Arkansas State Society Colonial Dames 17th Century (CDXVIIC) presented the Arkansas Traveler Certificate to Mary Stagg Johnston, CDXVIIC Honorary President General of Athens, Ala. Johnston represented the National Society at the 71st Arkansas State Conference, according to a March 25 news release.

She served as National President General from 1993 to 1995 and chose for her theme “Duty, Honor and Country.”

During Johnston’s administration ,the book “National Society Colonial Dames XVII Century ancestor roster, 1915-2005” was compiled and published and countless historical sites were marked and dedicated. Johnston challenged Arkansas Dames to locate a local site of a historical nature to mark, according to the release.

Johnston continued to serve the National Society by visiting state societies and serving on the following committees: by-laws, long range planning, hand-book and the Johnston scholarship committee.

This certificate expresses the state’s special recognition to out-of-state visitors who have contributed to the progress, enjoyment or well-being of the State of Arkansas or to her people. When one receives this certificate they become an ambassador for the state.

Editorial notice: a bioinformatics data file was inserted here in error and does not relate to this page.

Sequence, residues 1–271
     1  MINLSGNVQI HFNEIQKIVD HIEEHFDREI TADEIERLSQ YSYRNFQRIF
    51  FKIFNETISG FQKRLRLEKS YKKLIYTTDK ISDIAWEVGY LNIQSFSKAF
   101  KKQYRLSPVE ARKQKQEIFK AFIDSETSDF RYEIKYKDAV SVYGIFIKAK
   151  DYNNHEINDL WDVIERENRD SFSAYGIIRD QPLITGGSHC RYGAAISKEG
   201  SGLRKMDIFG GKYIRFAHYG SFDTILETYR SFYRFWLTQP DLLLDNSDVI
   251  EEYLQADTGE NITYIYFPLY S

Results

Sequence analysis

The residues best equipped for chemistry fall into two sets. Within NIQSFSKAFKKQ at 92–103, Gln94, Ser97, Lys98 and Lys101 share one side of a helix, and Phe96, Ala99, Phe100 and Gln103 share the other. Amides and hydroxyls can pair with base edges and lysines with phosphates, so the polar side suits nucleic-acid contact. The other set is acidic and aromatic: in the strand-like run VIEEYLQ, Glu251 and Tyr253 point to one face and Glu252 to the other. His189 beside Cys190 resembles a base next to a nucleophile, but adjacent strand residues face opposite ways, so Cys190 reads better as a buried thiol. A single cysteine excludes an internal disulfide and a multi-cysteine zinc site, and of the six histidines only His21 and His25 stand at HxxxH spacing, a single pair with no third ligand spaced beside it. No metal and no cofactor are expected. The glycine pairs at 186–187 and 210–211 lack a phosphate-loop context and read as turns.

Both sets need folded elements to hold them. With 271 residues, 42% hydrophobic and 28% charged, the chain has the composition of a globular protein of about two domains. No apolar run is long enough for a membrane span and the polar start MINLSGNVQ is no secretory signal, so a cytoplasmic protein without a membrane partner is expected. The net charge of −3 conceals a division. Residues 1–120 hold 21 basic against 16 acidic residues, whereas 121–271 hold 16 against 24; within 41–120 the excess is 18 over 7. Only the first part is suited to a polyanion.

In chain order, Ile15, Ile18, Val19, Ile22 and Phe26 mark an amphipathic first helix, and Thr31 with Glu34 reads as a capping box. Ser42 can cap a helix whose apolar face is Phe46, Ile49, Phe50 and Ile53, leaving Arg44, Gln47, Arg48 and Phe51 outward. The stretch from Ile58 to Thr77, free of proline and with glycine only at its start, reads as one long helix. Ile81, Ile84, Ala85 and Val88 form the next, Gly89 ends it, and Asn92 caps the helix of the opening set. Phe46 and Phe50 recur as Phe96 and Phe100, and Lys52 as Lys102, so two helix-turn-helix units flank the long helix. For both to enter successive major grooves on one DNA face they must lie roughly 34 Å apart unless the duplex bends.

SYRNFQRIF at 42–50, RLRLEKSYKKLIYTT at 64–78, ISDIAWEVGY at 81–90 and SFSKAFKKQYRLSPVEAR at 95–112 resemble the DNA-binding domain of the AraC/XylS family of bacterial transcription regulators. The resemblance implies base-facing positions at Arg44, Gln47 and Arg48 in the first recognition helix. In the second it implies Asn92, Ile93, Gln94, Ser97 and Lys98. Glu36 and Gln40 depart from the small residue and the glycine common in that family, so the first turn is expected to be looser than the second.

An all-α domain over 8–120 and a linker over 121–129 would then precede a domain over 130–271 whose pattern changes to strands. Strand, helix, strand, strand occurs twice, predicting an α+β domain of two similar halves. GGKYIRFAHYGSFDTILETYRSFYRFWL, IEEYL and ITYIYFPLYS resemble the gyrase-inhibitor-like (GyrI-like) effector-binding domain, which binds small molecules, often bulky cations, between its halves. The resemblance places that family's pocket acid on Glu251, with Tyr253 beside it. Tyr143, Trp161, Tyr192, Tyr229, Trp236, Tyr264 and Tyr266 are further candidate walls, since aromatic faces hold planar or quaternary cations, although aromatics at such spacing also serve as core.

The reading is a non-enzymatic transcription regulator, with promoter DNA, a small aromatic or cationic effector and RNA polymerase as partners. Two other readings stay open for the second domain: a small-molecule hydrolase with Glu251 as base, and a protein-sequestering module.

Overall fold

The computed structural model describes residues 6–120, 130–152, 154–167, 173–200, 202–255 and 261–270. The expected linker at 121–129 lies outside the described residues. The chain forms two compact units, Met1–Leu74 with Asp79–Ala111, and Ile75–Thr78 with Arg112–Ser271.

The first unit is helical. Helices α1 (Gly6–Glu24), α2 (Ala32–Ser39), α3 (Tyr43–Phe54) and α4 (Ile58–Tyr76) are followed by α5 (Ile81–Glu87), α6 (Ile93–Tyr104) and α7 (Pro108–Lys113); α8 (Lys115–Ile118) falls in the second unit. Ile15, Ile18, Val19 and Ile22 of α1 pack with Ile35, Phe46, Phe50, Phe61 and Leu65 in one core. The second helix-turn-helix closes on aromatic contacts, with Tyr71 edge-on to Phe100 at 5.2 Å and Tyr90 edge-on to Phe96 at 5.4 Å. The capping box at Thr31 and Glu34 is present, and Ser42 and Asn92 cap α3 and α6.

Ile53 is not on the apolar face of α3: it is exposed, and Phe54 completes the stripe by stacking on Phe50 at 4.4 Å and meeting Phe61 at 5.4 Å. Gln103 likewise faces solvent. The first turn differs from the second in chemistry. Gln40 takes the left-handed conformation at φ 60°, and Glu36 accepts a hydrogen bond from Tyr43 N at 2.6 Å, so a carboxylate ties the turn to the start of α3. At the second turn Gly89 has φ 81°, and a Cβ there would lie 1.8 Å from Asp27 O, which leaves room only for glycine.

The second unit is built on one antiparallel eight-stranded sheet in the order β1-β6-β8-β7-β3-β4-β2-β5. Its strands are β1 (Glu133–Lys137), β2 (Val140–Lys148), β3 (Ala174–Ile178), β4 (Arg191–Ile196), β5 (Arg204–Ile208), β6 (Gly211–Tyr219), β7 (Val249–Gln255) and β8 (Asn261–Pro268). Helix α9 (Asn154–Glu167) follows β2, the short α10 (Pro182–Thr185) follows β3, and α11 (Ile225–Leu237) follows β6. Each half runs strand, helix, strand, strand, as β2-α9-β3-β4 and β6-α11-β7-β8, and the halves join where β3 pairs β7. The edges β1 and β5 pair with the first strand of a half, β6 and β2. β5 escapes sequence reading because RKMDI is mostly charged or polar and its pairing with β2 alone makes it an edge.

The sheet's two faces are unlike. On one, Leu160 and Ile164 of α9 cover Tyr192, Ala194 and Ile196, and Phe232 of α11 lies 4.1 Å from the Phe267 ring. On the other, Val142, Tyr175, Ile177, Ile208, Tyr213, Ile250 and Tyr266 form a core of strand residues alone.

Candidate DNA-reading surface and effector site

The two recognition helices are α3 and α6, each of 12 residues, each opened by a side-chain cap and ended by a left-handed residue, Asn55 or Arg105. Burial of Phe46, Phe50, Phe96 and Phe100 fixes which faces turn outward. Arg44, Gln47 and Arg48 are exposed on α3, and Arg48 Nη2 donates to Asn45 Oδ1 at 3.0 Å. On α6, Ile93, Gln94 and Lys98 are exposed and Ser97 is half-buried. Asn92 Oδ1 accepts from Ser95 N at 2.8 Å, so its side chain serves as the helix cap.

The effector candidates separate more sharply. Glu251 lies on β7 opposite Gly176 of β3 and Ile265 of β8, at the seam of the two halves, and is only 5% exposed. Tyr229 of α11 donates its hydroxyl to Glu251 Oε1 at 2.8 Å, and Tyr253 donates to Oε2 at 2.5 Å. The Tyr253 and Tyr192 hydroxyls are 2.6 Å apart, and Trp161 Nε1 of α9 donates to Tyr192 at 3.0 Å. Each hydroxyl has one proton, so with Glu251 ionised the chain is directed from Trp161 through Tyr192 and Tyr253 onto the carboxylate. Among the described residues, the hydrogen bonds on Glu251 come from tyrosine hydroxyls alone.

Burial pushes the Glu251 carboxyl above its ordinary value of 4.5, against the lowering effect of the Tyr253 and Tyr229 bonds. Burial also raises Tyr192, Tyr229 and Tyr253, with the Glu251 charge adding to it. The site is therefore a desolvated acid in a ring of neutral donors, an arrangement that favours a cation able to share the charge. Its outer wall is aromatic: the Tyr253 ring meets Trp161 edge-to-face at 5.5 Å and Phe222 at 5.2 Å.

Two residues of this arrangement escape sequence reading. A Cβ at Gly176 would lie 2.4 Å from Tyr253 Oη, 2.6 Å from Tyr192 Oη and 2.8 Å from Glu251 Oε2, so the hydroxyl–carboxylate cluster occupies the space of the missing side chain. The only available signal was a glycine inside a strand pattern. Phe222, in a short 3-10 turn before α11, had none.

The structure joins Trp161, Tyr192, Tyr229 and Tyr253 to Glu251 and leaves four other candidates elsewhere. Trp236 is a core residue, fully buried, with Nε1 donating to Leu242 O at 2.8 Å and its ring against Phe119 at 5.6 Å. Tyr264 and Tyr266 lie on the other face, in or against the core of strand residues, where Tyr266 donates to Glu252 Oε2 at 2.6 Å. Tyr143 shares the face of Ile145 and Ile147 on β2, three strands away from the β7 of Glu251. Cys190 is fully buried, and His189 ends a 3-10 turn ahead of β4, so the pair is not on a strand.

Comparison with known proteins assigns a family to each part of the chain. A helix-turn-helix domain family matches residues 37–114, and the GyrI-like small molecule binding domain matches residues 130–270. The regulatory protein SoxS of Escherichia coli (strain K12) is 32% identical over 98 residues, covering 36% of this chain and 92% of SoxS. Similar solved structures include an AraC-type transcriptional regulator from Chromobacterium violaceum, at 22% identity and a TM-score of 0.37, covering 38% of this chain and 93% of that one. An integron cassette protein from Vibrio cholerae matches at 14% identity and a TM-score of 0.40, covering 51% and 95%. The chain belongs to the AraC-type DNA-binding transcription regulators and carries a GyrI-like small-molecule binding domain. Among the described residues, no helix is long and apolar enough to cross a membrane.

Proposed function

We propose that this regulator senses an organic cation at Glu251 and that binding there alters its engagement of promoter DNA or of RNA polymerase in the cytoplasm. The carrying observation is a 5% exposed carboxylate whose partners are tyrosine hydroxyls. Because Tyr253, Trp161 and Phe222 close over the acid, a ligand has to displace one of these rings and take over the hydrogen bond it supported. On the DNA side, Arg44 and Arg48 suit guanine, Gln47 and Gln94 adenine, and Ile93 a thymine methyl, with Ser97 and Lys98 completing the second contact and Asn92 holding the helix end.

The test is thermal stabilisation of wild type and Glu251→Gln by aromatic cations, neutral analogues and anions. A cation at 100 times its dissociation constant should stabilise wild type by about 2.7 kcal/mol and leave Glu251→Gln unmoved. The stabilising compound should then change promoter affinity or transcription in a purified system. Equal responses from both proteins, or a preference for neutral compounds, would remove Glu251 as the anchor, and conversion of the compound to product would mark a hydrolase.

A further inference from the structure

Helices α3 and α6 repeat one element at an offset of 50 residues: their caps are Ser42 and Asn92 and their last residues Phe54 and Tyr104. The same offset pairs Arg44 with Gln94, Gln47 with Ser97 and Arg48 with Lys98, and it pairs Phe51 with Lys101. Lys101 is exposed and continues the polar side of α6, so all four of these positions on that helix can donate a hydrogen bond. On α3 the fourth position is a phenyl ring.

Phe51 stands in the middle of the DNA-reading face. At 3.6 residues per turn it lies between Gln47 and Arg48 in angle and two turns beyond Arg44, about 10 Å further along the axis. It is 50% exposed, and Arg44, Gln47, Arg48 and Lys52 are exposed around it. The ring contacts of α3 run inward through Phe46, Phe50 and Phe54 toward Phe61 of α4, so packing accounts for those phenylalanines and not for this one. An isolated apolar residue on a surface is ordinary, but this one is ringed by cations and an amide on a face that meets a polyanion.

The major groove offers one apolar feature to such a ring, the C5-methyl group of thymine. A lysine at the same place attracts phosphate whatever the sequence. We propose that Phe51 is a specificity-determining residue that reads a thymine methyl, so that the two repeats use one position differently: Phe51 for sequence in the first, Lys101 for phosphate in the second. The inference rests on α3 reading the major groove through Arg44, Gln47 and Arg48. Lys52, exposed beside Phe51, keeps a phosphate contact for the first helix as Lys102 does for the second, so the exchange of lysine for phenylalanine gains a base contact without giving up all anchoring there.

Each certificate will have the official Seal of the State of Arkansas in gold, the signature of the Secretary of State and the signature of the Governor. In 1941, the Arkansas General Assembly created the Arkansas Traveler Certificate to honor out-of-state visitors, the first presentation going to President Franklin Delano Roosevelt.

The Arkansas CDXVIIC has four chapters: Col. John Washington, Hot Springs; John Eliot, Pine Bluff; Ouachita Valley, Camden; and the Marquette $ Joliet, Horseshoe Bend. The state society was organized in Hot Springs by Wilhelmina Lea in 1947 at the Arlington Hotel.

For information regarding membership and the activities of CDXVIIC, contact the John Eliot Chapter President, Sharon Stanley Wyatt at The John Eliot Chapter usually meets at the Pine Bluff County Club four times a year. The group meets with the Daughters of Colonial Wars and the U.S. Daughters of 1812, according to the release.